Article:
Stronger and More Versatile Foundry Robots Emerge

Developers of robotic systems are expanding and improving the applications for their devices in foundry settings.

New applications continue to emerge for robotic systems in metalcasting operations, for reasons that are obvious: Demanding jobs in harsh surroundings wear on foundry workers. Heat and dust takes a physical and mental toll, and training and keeping talented workers is a common concern for the management.

Just as significant, developers of robotic systems are expanding and improving the applications for their devices in foundry settings. Here are some examples:

ABB

ABB offers robots for coremaking, which it calls “a natural progression in automation in the foundry.” The robots remove the cores from the core machine and deburr, test, and assemble them into core packages.

Pneumatic grippers with automatic changeover systems reduce set-up times and increase machine availability. Designed specifically for cores, these grippers are part of the core shooter and can be used in various situations.

For dipping cold-box cores, robots offer a way to coat the cores in an even, reproducible surface application. Robots make it possible to minimize scrap and rework in the cleaning process, and the cores’ weight presents no significant problem. Pneumatic grippers can be equipped with adjustable fingers; tracking ensures safe and continuous movement along a conveyor; and personnel safety is ensured.

ABB also offers industrial robots for the labor-intensive effort of cleaning castings. Automation makes it possible to direct the blast cleaning nozzle in the cabin; a part-recognition system can identify the supplied workpieces and start the appropriate program; the blast cabinet can be part of the scope of the supply or an existing cabinet can be refitted with an industrial robot. A belt conveyor, sliding table, or turntable can do the loading.

By using robots in this situation, a consistent blast results. The workload is reduced, as is maintenance. The programming of the robot can be changed quickly too.

After blasting concludes, the unloading (or the loading prior to blasting) can be done with robots, too. Parts are taken from a roller table and placed in the loading position of the blasting machine. Once removed, the workpieces are shaken out through a collecting funnel, minimizing the residual amount of blast-cleaning abrasive.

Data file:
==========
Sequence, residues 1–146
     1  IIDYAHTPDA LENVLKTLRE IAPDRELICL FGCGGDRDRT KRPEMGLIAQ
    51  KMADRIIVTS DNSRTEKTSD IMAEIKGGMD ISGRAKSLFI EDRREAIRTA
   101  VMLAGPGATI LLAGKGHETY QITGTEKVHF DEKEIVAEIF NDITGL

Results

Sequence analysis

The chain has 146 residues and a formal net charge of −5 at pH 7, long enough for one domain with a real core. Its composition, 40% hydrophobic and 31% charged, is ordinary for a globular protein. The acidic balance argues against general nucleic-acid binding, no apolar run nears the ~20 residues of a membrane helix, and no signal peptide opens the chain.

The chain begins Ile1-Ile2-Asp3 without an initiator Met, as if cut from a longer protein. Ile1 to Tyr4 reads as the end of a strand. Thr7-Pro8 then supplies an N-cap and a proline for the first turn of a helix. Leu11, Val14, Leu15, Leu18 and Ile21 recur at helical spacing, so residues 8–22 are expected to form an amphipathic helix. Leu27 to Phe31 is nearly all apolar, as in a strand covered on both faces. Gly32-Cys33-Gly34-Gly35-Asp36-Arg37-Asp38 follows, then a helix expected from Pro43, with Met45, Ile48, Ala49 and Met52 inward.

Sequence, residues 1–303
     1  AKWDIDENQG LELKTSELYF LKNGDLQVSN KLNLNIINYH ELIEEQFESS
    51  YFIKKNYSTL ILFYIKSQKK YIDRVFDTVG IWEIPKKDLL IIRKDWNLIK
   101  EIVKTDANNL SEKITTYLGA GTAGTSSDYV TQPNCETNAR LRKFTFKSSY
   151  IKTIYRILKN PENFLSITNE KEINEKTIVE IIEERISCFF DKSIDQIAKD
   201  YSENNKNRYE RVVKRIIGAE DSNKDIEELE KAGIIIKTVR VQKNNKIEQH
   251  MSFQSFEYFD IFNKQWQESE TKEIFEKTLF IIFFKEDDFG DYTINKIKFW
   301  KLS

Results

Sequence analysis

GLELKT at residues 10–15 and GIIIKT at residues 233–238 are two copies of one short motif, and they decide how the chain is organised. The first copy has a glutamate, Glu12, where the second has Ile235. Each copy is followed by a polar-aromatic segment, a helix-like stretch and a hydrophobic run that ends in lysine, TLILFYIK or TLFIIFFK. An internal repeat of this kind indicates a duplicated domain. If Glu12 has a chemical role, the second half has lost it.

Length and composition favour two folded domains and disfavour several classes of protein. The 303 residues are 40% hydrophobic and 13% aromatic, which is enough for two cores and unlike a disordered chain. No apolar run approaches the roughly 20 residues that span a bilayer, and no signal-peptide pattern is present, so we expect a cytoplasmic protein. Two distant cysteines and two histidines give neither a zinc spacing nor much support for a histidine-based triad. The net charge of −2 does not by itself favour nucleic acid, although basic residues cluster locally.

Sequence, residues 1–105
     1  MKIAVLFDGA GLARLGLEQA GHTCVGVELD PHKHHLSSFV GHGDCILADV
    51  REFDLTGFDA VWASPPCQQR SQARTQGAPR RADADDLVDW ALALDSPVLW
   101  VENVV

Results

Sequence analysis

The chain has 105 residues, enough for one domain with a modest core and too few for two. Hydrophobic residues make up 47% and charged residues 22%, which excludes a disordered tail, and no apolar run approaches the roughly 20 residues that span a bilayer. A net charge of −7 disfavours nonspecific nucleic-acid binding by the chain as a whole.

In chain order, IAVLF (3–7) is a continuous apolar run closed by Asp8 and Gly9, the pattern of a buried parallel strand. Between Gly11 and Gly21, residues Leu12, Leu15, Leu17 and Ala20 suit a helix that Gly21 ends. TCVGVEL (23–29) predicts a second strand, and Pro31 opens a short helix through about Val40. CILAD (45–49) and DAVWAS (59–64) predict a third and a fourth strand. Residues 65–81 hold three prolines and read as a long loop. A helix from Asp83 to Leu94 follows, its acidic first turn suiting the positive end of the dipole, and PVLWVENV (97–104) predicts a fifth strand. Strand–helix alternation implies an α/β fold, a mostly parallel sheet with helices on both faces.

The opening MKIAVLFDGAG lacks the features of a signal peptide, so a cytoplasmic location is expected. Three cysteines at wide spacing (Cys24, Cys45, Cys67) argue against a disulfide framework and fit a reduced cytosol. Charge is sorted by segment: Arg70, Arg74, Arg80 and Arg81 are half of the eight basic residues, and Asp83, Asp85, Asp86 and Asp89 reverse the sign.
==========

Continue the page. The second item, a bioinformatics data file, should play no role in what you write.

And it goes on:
Also, consumption of the blast-cleaning abrasive is reduced, along with the standard benefits — reduction in personnel workload, rapidly changed programming, low maintenance, and high availability— enjoyed elsewhere in the foundry.

KUKA

KUKA Robotics offers robots, controllers, software, energy supply, linear units, and remote control to be used with their foundry robotics, and the developer cites four features it says sets its devices apart.

A pressure regulator was designed especially for robots used in spraying applications. Overpressure in the arm housing for optimal protection against the penetration of aggressive fluids from the outside. Additional seals are placed at the interface of the arm, the arm housing, the counterbalancing system, and the axis motor.

The KUKA in-line wrist withstands temperatures of up to 100°C for up to 10 seconds every minute. It is manufactured with corrosion-resistant materials and additional seals. Finally, the paintwork is a triple-coat, composed of two components for each coat of paint. The paint offers good final hardness, impact-resistance and against acids and alkalis, and is able to withstand temperatures up to 220°C.

KUKA robots offer a number of uses in a foundry. They are useful in general applications (machine tending, polishing, deburring, grinding, coating and bonding, handling, measuring and testing, assembly, palletizing and order picking, cutting, and welding) and in more specific applications (the KR 150-2 K F series is ideal for taking molten-metal samples.)